What is the difference between an eating disorder and disordered eating? In our society nutrition misinformation surrounds us. It’s hard to escape the chatter around the newest fad diet or casual conversations about the “will-power” needed to stick to a strict diet. This can make it difficult to see the line between eating disorders and disordered eating.

As a clinician in the field of eating disorders, I like to answer this question by looking at the complete opposite.

What is non-disordered eating? (i.e. what is a healthy relationship with food?)

Non-disordered eating is having peace with all types of food. This includes eating the foods your body needs when you are hungry, and also knowing how to stop eating when you’re satisfied. Many of these patterns start in childhood so it can be hard to unpack to find the root cause.

To put it simply, non-disordered eating is having a neutral relationship with food. This may look like approaching food and eating occasions without stress or self-imposed rules. Developing a healthy relationship with food will allow you to adequately fuel your body. 

What are disordered eating patterns?

With societal standards and expectations around body image, appearance, and “healthy food,” many people fall into a gray area. In the gray area, people are making decisions about what to eat and it is “working.” For these people, eating decisions don’t play a big role in day-to-day life.

People living in the gray area do not have a heightened response when food plans change last minute. They do not experience a spike in anxiety when they go out to a restaurant have to order something that is not catered to their usual dietary limitations.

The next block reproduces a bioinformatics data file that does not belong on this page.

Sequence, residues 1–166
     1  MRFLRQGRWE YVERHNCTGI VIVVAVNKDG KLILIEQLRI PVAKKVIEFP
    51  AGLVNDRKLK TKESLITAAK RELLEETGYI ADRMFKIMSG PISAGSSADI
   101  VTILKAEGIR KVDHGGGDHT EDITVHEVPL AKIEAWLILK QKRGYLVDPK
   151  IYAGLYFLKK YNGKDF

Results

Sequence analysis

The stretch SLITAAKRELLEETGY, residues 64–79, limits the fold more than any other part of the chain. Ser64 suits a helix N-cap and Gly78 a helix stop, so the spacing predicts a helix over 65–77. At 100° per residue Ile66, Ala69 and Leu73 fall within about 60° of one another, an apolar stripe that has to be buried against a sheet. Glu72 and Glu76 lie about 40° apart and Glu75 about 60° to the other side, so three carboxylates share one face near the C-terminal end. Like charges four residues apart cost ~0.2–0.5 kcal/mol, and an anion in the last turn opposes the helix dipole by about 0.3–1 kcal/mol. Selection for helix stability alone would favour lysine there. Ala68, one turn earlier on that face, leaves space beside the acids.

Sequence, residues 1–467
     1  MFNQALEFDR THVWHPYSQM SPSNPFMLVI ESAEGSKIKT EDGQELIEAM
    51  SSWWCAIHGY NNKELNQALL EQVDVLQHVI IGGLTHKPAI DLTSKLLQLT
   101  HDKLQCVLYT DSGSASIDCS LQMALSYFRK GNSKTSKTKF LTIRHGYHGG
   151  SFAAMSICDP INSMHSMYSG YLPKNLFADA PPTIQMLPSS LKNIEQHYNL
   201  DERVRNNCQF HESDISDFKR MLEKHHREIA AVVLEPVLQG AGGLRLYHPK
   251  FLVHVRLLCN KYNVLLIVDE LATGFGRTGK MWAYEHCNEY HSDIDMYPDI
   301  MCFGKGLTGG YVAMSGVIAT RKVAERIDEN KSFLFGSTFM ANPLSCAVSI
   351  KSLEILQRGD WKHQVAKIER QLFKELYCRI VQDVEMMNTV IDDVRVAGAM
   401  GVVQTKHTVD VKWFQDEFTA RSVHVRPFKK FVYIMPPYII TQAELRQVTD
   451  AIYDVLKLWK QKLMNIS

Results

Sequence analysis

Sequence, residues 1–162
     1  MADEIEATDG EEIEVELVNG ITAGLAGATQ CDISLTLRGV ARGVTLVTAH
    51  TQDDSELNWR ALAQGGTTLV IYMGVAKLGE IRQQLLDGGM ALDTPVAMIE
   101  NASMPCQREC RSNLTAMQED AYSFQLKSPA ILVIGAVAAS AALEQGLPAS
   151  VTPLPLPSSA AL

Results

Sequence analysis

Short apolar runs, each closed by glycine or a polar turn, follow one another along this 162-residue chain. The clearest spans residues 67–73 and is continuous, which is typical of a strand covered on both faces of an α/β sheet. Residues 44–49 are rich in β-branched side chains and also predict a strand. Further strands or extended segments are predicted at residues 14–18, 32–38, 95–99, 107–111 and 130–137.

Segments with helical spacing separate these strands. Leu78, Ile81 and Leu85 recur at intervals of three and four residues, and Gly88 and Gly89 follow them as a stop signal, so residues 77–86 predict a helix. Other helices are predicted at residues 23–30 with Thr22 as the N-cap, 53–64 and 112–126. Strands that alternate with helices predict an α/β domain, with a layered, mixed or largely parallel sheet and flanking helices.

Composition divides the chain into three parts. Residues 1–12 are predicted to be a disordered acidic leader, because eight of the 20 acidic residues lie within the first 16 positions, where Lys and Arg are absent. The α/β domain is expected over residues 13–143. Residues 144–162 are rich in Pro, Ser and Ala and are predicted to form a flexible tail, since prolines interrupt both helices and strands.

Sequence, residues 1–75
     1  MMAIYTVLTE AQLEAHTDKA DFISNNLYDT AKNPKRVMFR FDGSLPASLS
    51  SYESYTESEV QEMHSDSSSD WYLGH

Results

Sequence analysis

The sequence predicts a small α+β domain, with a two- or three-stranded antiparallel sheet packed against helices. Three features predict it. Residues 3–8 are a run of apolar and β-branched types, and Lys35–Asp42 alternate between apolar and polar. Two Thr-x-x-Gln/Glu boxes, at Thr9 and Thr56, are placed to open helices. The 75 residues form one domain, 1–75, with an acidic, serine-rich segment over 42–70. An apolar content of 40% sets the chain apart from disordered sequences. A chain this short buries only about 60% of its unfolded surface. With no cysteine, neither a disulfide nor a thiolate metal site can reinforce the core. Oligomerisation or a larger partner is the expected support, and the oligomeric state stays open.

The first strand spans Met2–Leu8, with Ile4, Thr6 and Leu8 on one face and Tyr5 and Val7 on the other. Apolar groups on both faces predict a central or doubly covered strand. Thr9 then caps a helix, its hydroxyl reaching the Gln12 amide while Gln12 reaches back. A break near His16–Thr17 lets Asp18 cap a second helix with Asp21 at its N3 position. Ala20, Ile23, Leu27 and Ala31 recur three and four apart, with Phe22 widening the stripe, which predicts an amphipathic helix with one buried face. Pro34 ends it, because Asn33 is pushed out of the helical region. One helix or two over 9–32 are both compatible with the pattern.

This is the gray area because people in this space because they may not meet the criteria for non-disordered eating.

For example, many people lack variety in their diets and find themselves eating the same exact foods day after day. These people may be meeting their energy needs and eating a “healthy diet,” but still may be struggling with disordered eating.

Avoiding complete food groups (e.g. carbohydrates, sweets, fats, etc.) without a medical diagnosis can also be a type of disordered eating.

Working with a dietitian can help your re-build your relationship with food.

What makes disordered eating an eating disorder?

For 9% of the world population, or 28.8 million Americans, disordered eating can lead to an eating disorder. To be classified as an eating disorder, multiple behaviors occur at once. These behaviors aim to manipulate food intake, exercise, rigidity, and/or control. But because eating disorders thrive in secrecy and isolation, it can be hard to recognize the behaviors that are occurring. Eating disorders are also characterized by an obsession around food. This can stem from the need to have control over the amount of calories, taste/textures, food restrictions, and/or fixation on ingredients.

Many eating disorders are linked with body image (i.e. “I need to eat less than X amount of calories and run X amount of miles per day to lose X amount of pounds”). Behaviors can also serve as a vessel to cope with trauma, emotions, and stress. Every person and every eating disorder is different. This is why you’ll often see a dietitian, therapist, and psychiatrist on a treatment team. There is no cookie cutter approach to treatment and no solidified timeline for recovery.

There is a blurred line between disordered eating patterns and eating disorders. Not everyone who struggles with disordered eating has an eating disorder. Eating disorders should be diagnosed by a medical provider that specializes in mental illnesses. Treatment should include providers that specialize in the treatment of eating disorders.

This post is not intended to diagnose or treat eating disorders or disordered eating. Its purpose is to shed some light on what you or your loved ones may be struggling with and hopefully give you the ability to see the warning signs. Eating disorders can be shame-inducing, so show compassion and give space, time, and support to anyone you suspect may be struggling with an eating disorder.